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Oisin Bourke wrote: View Post
Well, I am going to ask you to clarify who or what you mean. I trained in Daito Ryu Aiki in Japan, so who do you consider are teaching disseminating this outside Japan?
I saw a website with some guy named Oisin Bourke teaching daito ryu in Ireland. Does that count?
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Old 10-27-2013, 08:20 PM   #89
Stephen Nichol
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Re: Can you truly understand budo without training in Japan?

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Well, I am going to ask you to clarify who or what you mean.
Alight, I did not think it would be necessary to do it in this thread. Most people on Aikiweb have been here long enough to know 'that conversation' and hopefully have used the 'search' feature of the forum. However the points contained to the statement made by Ueshiba Morihei 'Takeda opened my eyes to true budo' and that as I understand it he was referring to Takdeda's skill with Aiki (IP/IS/IT et al).

Granted we have to accept that Ueshiba's concept and understanding of what 'true budo' is correct and that was what Takeda opened his eyes to. It is difficult to not fall into the trap of 'grabbing one detail or thing someone said about a topic and building an entire point from it' however in this case..

Given that, the core of my point in this context is: Aiki is Budo. Aiki is a specific skill set of body work, not techniques of locks, pins, throws, weapons and so on. As others have stated on this forum and I agree with them: Aiki is the system/engine that powers and drives everything you do, whatever shape or form that your 'art' takes.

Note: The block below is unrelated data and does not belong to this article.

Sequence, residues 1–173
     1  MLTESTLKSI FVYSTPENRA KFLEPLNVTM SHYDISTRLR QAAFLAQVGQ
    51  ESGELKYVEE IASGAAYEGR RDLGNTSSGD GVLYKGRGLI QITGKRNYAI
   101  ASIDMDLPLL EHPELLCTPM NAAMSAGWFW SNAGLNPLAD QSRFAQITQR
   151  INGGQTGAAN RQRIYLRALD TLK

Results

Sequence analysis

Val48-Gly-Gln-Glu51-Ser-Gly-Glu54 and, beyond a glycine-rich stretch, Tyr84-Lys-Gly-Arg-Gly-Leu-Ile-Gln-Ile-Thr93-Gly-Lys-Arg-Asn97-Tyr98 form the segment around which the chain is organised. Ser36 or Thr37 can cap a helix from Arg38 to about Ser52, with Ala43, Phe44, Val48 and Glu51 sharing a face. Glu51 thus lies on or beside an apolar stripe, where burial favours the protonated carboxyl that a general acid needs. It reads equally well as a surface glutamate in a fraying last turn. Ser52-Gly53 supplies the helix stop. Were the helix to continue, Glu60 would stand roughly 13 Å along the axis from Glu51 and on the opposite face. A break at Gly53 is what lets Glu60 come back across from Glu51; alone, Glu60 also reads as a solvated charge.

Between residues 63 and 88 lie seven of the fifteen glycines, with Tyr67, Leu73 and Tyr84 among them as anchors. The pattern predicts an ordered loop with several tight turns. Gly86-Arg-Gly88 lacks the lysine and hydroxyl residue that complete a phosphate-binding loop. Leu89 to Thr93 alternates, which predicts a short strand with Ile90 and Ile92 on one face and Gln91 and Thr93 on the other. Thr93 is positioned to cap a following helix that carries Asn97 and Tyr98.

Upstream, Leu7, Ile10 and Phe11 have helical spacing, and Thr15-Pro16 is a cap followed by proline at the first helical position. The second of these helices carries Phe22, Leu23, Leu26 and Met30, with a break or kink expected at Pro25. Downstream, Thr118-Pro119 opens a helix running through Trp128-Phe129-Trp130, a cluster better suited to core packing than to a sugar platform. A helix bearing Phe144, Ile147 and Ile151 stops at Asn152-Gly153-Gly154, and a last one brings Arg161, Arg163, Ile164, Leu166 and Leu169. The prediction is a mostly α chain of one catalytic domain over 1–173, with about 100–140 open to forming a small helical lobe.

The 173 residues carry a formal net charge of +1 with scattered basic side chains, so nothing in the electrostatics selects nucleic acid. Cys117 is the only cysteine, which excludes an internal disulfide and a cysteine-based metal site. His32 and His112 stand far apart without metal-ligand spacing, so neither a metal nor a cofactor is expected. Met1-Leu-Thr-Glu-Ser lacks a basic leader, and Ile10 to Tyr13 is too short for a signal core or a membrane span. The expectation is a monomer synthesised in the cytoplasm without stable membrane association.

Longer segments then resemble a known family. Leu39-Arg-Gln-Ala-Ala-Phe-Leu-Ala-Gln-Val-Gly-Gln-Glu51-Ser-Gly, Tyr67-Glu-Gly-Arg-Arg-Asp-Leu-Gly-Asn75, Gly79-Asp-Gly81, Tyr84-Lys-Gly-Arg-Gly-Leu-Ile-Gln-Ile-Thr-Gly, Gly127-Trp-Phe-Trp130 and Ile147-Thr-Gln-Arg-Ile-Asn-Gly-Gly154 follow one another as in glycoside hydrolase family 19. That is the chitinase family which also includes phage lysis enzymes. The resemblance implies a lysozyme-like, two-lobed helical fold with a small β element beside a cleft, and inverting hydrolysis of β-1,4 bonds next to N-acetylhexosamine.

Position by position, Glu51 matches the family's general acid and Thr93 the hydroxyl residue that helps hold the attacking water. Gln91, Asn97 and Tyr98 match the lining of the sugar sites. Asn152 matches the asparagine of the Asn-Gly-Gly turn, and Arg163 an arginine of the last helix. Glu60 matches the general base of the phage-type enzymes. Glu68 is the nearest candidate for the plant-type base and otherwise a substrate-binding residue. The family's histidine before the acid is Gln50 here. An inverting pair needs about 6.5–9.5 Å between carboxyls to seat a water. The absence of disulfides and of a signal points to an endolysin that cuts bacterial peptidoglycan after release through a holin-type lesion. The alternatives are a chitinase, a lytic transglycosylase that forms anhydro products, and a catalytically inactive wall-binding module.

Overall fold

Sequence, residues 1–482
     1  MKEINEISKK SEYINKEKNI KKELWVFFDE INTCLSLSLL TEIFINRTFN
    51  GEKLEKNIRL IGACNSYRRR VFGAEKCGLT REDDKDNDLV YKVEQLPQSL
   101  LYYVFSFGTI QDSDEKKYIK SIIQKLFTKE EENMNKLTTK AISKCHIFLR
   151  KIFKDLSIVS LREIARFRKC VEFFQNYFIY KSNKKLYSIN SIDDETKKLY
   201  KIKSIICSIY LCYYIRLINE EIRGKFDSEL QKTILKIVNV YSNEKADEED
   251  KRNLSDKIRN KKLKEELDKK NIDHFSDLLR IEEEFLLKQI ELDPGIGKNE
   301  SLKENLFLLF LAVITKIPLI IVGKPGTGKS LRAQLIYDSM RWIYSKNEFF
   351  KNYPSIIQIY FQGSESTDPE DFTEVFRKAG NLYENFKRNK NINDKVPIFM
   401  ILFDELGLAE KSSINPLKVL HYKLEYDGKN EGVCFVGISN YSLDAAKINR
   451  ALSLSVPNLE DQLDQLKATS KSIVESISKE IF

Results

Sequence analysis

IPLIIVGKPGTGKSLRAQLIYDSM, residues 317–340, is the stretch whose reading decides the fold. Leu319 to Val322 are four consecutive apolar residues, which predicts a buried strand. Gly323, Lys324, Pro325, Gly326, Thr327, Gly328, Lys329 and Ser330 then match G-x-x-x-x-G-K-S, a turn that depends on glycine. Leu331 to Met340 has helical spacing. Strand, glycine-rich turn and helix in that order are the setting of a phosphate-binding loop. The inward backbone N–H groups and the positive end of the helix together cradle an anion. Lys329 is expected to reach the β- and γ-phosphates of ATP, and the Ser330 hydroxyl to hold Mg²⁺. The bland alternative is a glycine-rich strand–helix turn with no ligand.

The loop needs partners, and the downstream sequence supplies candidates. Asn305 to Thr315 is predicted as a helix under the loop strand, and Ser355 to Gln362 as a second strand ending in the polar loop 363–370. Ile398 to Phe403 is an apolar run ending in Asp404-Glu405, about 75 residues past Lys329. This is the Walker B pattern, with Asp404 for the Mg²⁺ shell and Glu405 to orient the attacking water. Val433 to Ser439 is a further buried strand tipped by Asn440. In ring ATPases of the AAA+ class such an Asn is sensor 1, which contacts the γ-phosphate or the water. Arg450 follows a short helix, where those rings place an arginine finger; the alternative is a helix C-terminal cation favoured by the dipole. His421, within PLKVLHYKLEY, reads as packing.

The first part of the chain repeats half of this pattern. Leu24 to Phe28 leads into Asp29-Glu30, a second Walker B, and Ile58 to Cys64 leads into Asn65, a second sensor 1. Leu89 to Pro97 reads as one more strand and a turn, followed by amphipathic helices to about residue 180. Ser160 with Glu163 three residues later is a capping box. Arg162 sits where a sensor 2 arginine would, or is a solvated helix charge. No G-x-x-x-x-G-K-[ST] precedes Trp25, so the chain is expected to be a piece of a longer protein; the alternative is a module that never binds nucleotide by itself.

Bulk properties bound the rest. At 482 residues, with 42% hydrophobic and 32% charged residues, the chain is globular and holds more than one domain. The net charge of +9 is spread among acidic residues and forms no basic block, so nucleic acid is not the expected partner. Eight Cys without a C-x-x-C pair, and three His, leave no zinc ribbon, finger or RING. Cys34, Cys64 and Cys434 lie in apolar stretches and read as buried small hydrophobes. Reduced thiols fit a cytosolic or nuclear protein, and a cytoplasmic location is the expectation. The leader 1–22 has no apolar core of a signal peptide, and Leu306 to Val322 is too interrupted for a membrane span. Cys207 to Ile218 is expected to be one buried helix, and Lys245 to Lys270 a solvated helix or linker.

All 'arts' that contain 'Aiki' are methods that have 'wrapped' techniques around 'Aiki' to showcase how one can use it do all the stuff you may be interested in within all things considered 'martial arts.' The techniques can be considered an expression of Aiki.

1. Accept that there is a complete 'Aiki' skill set out there.
2. 'Assume' Takeda had it.
3. 'Assume' Ueshiba learned it from Takeda.
4. It would appear from many interviews and general observations made over the decades that not everyone learned the entire 'Aiki' skill set from both Takdeda or Ueshiba but did get parts of it.
5. Many systems have evolved from students of Takeda and Ueshiba (withing the context I am referring to here) that had some Aiki in them, the completeness of that is difficult to measure however when you read interview after interview, consider sources, context and so on... I for one get the distinct impression that many of the founders of these systems for many reasons, did not get the complete skill set for Aiki from their teachers.

Some had to go outside their parent art to get the core Aiki skills and try to get it back into the form of their art.

Quote:
Oisin Bourke wrote: View Post
I trained in Daito Ryu Aiki in Japan, so who do you consider are teaching disseminating this outside Japan?
Oisin, assuming your teacher learned 'aiki' as demonstrated by Takeda Sokaku, described abilities from all the interviews we can read about such abilities, and demonstrated them to you, explained them , taught them to you to the point were you are able to perform the same feats that Takeda Sokaku was known for... then you have been shown 'true budo' following in the same path as described by Ueshiba Morihei.

To be clear: I consider those who learn the Aiki skill set in its complete form, the 'internals' as it were, to the point of being able to perform the feats described that Takeda and Ueshiba demonstrated (not just the visible techniques either) and people who have felt them described in interviews that you can read on Aikido Journal.

With the Aiki skill set you can perform Budo (Stop Spear, or however you wish to interpret that) within whatever context you and the art you practice. I do not believe they are mutually exclusive. It is only that most often these days we see and learn the external expressions of Aiki/Budo and not the true driving skills inside it.

Once again, this is my opinion and position on this topic. If you believe that there has been a continuing separation or loss of transmission of the complete Aiki skill set within the art you are practicing, you can still practice the outside/external form while seeking the internal part from another source if necessary and then try to bring it back into the 'form' without having to give up on their art. That source for some will come from the most readily available area.